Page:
http://rasnz.org.nz/SRSStimes.shtml
http://www.penguinplace.co.nz
YEPs appear on most of Dunedin's Otago Peninsula beaches during the late afternoon. Sandfly Bay (no sandflies here) has a penguin hide.
http://www.doc.govt.nz/parks-and-recreation/places-to-visit/otago/coastal-otago/sandfly-bay/
http://en.wikipedia.org/wiki/Sandfly_Bay

Road condtions can quickly change in winter. Roads can close suddenly and you might have to take long detours. However, we can also have beautiful clear sunny days in winter. There's no way of knowing so far in advance.  For the last five days, it has been gorgeous in Dunedin: sunny blue skies. It has even been warm at times. But two to three weeks ago, we had record breaking rains. Fortunately, I was in California. I returned to Dunedin to see the hills covered in snow (it gets cold here, but rarely snows). My husband remarked that the fields looked like flooded rice paddies (because it had rained so much). You just never know what will happen with the weather in winter (or spring or summer).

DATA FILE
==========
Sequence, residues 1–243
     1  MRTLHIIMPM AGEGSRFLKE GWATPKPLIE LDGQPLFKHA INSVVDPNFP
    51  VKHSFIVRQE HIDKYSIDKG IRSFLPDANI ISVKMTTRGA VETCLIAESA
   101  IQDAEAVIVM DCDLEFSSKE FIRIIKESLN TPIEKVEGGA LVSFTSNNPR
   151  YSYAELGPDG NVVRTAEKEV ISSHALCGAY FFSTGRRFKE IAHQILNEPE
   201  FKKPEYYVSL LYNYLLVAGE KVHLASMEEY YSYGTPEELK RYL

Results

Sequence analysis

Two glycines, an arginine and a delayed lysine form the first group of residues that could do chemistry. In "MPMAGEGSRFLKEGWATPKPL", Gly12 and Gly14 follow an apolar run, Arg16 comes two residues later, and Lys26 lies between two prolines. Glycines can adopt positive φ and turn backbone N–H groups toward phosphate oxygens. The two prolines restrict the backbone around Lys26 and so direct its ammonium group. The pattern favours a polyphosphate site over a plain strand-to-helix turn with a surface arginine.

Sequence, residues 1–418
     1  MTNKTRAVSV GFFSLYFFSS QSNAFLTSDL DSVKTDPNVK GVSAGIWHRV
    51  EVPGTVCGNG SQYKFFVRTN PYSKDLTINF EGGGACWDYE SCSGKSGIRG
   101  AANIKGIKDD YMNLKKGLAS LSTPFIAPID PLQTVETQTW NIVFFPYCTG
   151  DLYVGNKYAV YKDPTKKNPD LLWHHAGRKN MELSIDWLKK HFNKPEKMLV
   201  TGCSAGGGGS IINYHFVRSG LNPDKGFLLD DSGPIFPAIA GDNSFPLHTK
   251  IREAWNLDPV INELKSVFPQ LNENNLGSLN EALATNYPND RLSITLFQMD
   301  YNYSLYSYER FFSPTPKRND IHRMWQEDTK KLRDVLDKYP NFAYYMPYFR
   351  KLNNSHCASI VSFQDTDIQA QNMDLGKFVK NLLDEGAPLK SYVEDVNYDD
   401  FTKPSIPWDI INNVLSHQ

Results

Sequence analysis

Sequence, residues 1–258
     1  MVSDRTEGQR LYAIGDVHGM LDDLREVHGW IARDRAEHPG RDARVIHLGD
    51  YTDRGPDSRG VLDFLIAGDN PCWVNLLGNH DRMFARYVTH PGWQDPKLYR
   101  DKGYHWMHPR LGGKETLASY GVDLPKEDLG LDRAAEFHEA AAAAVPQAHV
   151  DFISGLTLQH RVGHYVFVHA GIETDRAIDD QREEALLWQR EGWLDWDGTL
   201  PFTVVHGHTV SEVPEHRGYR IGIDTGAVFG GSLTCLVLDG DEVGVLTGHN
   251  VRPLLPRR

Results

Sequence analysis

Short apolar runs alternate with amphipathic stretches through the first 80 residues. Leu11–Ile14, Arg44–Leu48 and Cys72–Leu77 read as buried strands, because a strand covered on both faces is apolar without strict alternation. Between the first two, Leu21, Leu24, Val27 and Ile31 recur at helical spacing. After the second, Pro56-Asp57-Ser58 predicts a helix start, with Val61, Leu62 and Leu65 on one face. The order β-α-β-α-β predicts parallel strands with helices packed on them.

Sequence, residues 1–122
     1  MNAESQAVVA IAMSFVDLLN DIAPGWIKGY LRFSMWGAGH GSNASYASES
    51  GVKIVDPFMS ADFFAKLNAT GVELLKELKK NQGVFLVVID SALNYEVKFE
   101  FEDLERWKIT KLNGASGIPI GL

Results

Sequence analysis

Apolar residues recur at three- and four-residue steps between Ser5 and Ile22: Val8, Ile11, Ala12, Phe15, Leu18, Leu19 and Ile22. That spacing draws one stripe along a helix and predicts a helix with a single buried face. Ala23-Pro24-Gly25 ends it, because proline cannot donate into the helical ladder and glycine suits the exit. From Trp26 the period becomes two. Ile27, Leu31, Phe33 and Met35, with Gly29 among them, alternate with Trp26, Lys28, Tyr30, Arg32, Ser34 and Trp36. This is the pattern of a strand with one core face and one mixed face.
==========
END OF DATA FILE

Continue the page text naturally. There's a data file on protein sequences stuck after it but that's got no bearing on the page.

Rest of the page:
If you miss Dunedin and spend your last days just in Queenstown, I doubt you will be disappointed. It is lovely and there is loads to do, You'll be able to relax more, see more, and not have to drive so much. 

You will probably need to book a few days ahead for Mt. Cook. I usually monitor accommodation availability on Wotif.com. It lets you know what accommodations are already booked up. When I see that things are starting to fill up, I'll book but I always check the cancellation policy first.
http://www.wotif.co.nz

Avatar

RE: Need advice for 5 days in South Island

by /bio/passarinho9 »

i think your kids can play in the snow at one of the ski resorts near Queenstown. Just ask when you get there. I don't know if you will be able to drive to the ski resorts with your car. You might have to take public transit. I have never been there in winter, so I can't be of help here. We had snow in Dunedin a couple of times this year, but this is unusual. 

August is not a good month for seeing the Little Blue Penguin, summer is better. i think there will be only a few in Oamaru at night. But I think you would be able to see YEPs at Penguin Place on the Otago Peninsula in Dunedin. The best thing is to email Penguin Place directly and ask them if you can see some penguins in August. It would be terrible if you came to Dunedin and not see penguins. It will cost $110 for your family to visit Penguin Place, so you should make sure that you can see penguins first.